Tasmanian Archives, Jack Thwaites Collection: Photograph – At Mulga Mick’s hut – Mt Wellington, during construction of the road to pinnacle – LR: Vern Hodgman (sitting), person obscured, person unknown, Jimmie Bradshaw, Rhona Warren, David W. Wilson, Mulga Mick, Lauris Hodgman and Cecilie Thwaites (1936), NS3251/1/1172.

Amongst the group in the photograph above (with Jack Thwaites most likely behind the lens), is Vernon Hodgman, taken in 1936 one year after his Mt. Wellington Park, map of roads tracks (1935) was published. Vernon was involved in the Hobart Walking Club from its early days, and was a keen and skilled skier, serving in the A. I. F. in the Second World War as a ski instructor in the mountains of Lebanon.

Vernon Hodgman was a noted Tasmanian artist and the Keeper of the Art Gallery at the Tasmanian Museum and Art Gallery (TMAG). Born in Burnie, he attended Burnie High School and then Trinity Grammar Kew in Victoria. He received his training in art at the Hobart Technical College, where he studied with Lucien Dechaineux and Mildred Lovett. Vernon Hodgman taught art at the Hobart Technical College, and then the Launceston Technical College as Head teacher between 1947 and 1960.

Vernon Hodgman’s early career was spent at Cadbury Fry Pascall Pty Ltd at Claremont. He worked as a commercial artist and industrial designer here between 1928 and 1940, and in 1945 became the Head of the Design Studio. He designed the advertising and packaging for a range of products, including Old Jamaica and Energy chocolates, several of which are currently in the ‘By Mountain and Sea: 100 years of Cadbury’s at Claremont’ display that is on in the State Library and Tasmanian Archive Reading Room.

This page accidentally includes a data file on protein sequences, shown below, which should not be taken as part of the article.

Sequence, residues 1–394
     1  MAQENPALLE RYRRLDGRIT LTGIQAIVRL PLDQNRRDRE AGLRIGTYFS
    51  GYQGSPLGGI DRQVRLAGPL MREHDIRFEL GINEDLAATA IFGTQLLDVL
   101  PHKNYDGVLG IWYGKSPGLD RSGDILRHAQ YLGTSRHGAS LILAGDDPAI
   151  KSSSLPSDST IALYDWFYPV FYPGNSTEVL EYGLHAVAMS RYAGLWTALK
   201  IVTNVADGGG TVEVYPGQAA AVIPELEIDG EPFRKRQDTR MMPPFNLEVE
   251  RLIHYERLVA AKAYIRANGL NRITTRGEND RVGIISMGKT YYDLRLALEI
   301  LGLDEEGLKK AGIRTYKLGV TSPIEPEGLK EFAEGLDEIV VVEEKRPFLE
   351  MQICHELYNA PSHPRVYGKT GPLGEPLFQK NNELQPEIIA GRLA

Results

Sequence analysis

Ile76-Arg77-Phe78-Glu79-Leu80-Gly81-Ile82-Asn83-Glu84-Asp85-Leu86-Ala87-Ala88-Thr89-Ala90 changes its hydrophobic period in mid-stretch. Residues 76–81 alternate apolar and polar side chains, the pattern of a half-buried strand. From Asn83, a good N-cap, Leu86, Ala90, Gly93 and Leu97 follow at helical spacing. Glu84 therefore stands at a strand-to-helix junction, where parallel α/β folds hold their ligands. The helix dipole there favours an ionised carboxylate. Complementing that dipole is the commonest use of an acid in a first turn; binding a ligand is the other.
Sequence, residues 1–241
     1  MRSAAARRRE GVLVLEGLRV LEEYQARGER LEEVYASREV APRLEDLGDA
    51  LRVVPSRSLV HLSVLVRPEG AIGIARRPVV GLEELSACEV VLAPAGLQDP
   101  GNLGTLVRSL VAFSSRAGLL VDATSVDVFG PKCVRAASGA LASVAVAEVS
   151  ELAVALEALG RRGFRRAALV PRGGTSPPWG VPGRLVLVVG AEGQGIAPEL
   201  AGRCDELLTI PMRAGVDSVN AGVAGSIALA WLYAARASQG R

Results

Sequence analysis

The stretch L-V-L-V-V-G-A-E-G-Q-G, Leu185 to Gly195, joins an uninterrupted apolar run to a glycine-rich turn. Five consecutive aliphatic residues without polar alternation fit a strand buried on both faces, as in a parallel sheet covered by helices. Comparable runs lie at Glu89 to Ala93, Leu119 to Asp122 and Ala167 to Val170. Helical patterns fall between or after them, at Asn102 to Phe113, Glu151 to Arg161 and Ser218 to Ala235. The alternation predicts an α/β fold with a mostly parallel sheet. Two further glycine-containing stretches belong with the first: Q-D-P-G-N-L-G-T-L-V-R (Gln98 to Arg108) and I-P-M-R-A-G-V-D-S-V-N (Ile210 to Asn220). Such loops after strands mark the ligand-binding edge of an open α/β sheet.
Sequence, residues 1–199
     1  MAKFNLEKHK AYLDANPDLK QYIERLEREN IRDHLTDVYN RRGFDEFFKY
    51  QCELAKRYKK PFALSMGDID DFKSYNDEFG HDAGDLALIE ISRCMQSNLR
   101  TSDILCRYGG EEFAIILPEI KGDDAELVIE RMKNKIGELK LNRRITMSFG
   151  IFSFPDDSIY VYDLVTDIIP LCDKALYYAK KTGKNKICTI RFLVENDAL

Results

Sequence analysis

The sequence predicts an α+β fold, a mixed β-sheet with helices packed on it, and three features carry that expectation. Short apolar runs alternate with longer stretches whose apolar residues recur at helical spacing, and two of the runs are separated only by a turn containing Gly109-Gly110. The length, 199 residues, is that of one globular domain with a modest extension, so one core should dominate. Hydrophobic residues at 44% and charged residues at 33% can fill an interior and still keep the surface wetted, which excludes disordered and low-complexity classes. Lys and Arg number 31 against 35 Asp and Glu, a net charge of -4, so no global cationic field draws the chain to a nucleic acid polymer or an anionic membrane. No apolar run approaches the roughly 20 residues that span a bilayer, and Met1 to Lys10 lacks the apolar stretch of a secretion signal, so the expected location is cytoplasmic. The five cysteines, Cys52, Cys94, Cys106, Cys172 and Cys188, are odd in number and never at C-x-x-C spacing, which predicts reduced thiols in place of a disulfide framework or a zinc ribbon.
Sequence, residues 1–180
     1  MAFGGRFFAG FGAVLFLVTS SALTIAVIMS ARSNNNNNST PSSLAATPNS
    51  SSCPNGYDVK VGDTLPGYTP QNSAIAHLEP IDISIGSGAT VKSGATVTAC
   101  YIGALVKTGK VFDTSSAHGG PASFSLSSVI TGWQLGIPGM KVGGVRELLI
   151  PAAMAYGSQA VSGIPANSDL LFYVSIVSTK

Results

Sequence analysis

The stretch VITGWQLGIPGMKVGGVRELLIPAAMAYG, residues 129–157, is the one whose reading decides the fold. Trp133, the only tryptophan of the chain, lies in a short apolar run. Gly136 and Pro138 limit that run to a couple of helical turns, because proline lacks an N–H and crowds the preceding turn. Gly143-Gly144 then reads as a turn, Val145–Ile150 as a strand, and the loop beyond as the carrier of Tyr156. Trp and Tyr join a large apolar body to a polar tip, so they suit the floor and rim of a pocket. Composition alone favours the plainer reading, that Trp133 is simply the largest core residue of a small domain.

State Library of Tasmania: V.W. Hodgman, Mt. Wellington Park, map of roads tracks (1935), close up of bushwalkers
State Library of TasmaniaBy mountain and Sea: Claremont Tasmania, [Claremont, Tasmania] : [Cadbury-Fry-Pascall Pty. Ltd.], [between 1930 and 1939?]
Museums Victoria: Chocolate Box – Cadbury’s Energy Chocolate

It was during Vernon Hodgman’s time at Cadbury’s that he created the Mt. Wellington Park, map of roads tracks (1935). The bushwalker motif located in the top right-hand corner of the map is echoed through imagery on other items held within the State Library collection. The two bushwalkers appear on the label of the Cadbury Energy Bar, although their positions are reversed. Advertising for the Cadbury Energy Bar appears in the many pamphlets on Cadbury’s held within the State Library collection, and also in the Tasmanian Tramp publications. In a similar fashion, a bushwalker with a backpack and a staff appears on the cover of Hobart Walking Club publications, with the name ‘V.W. Hodgman’ located on the bottom right. However, this time it is a lone bushwalker.

State Library of Tasmania: Front Cover, Hobart Walking Club : a publication devoted to matters of interest to the Hobart Walking Club (1939)